1967, while teaching at the Institute of American Indian Arts in
Santa Fe, Fritz Scholder began a series of controversial, pop-tinged
portraits that upended the way American Indians typically had been
portrayed."I have painted the Indian real, not red," he
Scottsdale, Ariz., artist challenged the vision of the "noble
savage" that outsiders sought to impose on Indians as well
as the traditionalism that he believed choked Native American art
so doing, Scholder (1937-2005) sparked a rethinking of what American
Indian art could and should be and simultaneously pushed it toward
the mainstream of contemporary art.
paintings, five original prints and one bronze relief including
four works on loan from two area private collections are
on view in a small, rewarding exhibition in the Denver Art Museum's
American Indian galleries.
long-running but little- publicized show and the 700 or so other
Indian objects in the permanent-collection galleries will go off
view June 13, when the galleries close for a six-month renovation
next several weeks are visitors' final opportunity to see the current
selections before they are almost entirely replaced by another rotation
of works from the museum's bountiful 18,000- piece collection.
it began acquiring American Indian art in 1925, the museum has amassed
one of the strongest and most comprehensive collections in the country
a distinction that, unfortunately, still seems to have gained
little recognition among the Denver public.
hardly comprehensive, the Scholder show nonetheless provides a telling
overview of his principal artistic pursuits, including several fine
examples of his portraits long the core of his output.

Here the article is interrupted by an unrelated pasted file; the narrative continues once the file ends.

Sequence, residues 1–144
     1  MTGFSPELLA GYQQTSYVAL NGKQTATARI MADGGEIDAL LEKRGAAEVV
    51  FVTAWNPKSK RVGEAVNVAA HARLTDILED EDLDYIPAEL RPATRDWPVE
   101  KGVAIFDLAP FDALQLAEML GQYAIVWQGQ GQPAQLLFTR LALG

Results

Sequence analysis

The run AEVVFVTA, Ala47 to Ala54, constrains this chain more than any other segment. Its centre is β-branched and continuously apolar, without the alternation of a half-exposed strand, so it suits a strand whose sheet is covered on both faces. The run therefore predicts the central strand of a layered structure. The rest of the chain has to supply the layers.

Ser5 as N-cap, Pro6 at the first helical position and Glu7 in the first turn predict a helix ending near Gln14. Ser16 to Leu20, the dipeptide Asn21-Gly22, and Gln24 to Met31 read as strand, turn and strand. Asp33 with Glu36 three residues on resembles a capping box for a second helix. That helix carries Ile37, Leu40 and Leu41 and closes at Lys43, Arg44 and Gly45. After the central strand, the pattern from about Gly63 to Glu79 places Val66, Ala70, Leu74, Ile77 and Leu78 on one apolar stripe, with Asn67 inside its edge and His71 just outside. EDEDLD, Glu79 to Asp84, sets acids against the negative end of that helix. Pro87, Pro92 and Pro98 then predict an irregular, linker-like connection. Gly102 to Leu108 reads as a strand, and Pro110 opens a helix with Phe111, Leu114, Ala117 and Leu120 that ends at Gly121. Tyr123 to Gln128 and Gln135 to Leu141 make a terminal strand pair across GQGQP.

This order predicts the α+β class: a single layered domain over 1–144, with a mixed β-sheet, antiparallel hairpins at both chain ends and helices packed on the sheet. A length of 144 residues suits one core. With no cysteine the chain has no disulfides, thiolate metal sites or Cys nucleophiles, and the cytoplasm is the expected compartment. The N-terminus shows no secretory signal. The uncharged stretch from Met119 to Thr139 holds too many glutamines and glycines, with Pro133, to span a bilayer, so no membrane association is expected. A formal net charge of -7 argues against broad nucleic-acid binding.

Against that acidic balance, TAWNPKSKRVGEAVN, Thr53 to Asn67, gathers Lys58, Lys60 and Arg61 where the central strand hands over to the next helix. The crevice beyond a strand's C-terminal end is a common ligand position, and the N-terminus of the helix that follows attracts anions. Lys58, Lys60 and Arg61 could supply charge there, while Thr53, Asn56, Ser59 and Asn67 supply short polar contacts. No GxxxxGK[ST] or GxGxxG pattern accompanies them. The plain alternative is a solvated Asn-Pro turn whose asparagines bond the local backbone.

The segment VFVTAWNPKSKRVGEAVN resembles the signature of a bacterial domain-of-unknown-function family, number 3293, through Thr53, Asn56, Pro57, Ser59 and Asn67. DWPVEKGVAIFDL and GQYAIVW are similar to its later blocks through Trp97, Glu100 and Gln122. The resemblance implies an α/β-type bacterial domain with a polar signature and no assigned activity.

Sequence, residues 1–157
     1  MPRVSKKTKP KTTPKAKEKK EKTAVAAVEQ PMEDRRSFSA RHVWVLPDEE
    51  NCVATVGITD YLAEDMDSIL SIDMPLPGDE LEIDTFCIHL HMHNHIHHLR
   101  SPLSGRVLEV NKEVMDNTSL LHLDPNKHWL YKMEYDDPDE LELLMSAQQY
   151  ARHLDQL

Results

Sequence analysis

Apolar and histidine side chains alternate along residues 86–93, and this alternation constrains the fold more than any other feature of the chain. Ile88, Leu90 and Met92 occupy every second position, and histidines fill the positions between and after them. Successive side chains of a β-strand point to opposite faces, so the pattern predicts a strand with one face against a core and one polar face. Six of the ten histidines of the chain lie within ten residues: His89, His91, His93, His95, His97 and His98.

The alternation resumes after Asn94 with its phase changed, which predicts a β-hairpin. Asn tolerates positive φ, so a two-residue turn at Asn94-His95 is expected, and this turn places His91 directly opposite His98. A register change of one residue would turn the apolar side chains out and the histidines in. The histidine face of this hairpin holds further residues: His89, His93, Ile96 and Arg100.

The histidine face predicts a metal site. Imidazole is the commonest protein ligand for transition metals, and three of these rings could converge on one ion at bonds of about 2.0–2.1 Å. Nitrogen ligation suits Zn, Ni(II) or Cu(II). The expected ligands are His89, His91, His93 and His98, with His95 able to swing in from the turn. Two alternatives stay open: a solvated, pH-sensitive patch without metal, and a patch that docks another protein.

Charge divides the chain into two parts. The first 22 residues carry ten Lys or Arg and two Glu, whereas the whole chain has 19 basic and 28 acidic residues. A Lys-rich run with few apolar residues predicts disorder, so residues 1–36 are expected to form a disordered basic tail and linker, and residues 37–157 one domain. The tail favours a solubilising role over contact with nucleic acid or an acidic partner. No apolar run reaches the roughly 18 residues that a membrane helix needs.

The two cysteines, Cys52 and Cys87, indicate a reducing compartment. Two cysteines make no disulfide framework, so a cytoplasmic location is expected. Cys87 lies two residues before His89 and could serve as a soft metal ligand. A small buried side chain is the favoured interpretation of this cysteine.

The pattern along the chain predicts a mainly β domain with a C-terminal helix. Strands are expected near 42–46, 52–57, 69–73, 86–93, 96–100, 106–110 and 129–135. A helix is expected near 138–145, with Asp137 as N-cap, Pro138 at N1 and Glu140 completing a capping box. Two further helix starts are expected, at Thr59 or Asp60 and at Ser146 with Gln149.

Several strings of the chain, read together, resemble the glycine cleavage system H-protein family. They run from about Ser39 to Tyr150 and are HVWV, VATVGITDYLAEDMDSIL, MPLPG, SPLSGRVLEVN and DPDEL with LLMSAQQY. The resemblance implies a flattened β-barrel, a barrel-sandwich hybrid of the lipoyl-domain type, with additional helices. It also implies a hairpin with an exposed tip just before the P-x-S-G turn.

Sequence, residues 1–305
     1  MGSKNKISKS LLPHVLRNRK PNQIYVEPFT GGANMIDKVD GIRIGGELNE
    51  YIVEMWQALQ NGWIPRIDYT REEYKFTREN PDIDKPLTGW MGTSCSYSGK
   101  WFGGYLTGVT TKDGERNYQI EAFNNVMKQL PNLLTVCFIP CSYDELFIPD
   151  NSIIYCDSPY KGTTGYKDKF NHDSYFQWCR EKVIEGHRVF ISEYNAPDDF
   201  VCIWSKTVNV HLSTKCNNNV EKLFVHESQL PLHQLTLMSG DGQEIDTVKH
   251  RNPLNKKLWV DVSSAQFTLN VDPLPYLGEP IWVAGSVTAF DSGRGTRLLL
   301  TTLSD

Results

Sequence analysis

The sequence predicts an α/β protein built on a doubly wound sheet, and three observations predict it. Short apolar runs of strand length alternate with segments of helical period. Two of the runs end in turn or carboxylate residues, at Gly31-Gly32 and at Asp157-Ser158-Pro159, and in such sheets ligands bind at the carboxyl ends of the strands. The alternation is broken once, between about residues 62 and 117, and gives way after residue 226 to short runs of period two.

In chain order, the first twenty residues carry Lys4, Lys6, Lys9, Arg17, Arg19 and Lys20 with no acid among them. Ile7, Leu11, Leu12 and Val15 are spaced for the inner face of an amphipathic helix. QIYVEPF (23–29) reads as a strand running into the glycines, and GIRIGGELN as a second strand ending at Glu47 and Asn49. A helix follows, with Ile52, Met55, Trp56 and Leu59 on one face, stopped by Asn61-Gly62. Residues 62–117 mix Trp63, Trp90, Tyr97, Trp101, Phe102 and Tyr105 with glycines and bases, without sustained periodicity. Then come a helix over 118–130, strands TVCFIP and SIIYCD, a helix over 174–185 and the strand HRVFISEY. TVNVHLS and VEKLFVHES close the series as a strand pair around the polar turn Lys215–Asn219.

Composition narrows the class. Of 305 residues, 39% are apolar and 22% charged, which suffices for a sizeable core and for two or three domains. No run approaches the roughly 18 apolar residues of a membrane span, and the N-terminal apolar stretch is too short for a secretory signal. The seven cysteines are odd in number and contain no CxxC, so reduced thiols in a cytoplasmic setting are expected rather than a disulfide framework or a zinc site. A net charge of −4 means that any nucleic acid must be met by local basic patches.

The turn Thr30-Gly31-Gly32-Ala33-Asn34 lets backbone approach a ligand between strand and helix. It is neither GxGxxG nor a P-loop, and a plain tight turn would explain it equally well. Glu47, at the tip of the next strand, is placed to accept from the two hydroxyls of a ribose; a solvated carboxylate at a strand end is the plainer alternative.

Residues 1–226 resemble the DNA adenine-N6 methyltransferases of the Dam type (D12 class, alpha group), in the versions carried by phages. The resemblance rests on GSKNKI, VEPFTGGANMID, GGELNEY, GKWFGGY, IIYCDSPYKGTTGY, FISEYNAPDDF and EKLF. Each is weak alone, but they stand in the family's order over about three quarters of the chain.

times, the artist, who was one-quarter Luiseño, a California
Mission tribe, delivered the expected pose, such as the smiling
sitter in "Indian with Blue Aura" (About 1963-67).
other times, he defied expectations, setting aside notions of idealization.
A prototypical example can be seen in "Mean Indian No. 5"
(1977), a compelling if unflattering portrait of a glowering figure
with dark, intense colors.
the positive does not exist without the negative, and the role of
the artist is not to compromise, but to express the truth as he
sees it with all the power of which he is capable," Scholder
taboos, he was also not afraid to engage long-held stereotypes,
such as the drunken Indian, portraying his subject with a can of
Coors beer in "Indian at the Bar" (1970), a four- color
is part of his famous "Indians Forever" suite, which he
created in 1970 at the now-celebrated Tamarind Institute, a then-budding
printmaking center that had moved that year to Albuquerque and become
affiliated with the University of New Mexico.
proved to be a master printmaker, excelling in monoprints and intaglio
techniques in addition to lithography, and his works in that medium
are an integral part of his output.
in Breckenridge, Minn., into a family that moved frequently, Scholder
took art lessons in South Dakota under the celebrated Oscar Howe,
who was one of the first Indian painters who dared to break with
closely held artistic conventions.
in California, he studied two years at Sacramento State College
with Wayne Thiebaud, who is associated with the pop movement because
of his frequent focus on everyday objects, especially cakes, pies
and other pastries.
influence runs through Scholder's work, especially Thiebaud's penchant
for soft, luminous colors and luxuriant applications of paint, both
of which can be seen in Scholder's "Seated Indian with Rifle
(After Remington)" (about 1976).
drew on many other sources of inspiration as well, including other
painters in the Bay Area school, especially Richard Diebenkorn and
English avant-garde painter Francis Bacon, whom he discovered on
a trip to Europe in 1969.
no matter how evident the influences of other artists might have
been, Scholder's work was always distinctively his own. Though he
played a pivotal role in shaping how Indians are portrayed, he was,
first and forement, a powerful, innovative artist who transcended
his subject matter.
SCHOLDER: A NEW INDIAN IMAGE."
Art Museum, W. 13th Avenue between Broadway and Bannock Street.
This 11-piece exhibition offers a small but revealing overview of
the wide-ranging career of Fritz Scholder, who died in 2005. The
show will close along with the rest of the museum's American Indian
galleries, which are set to undergo a complete renovation and reinstallation.
Through June 13. 10 to 5 p.m. Tuesdays through Saturdays and noon
to 5 p.m. Sundays. Free with regular museum admission. 720-865-5000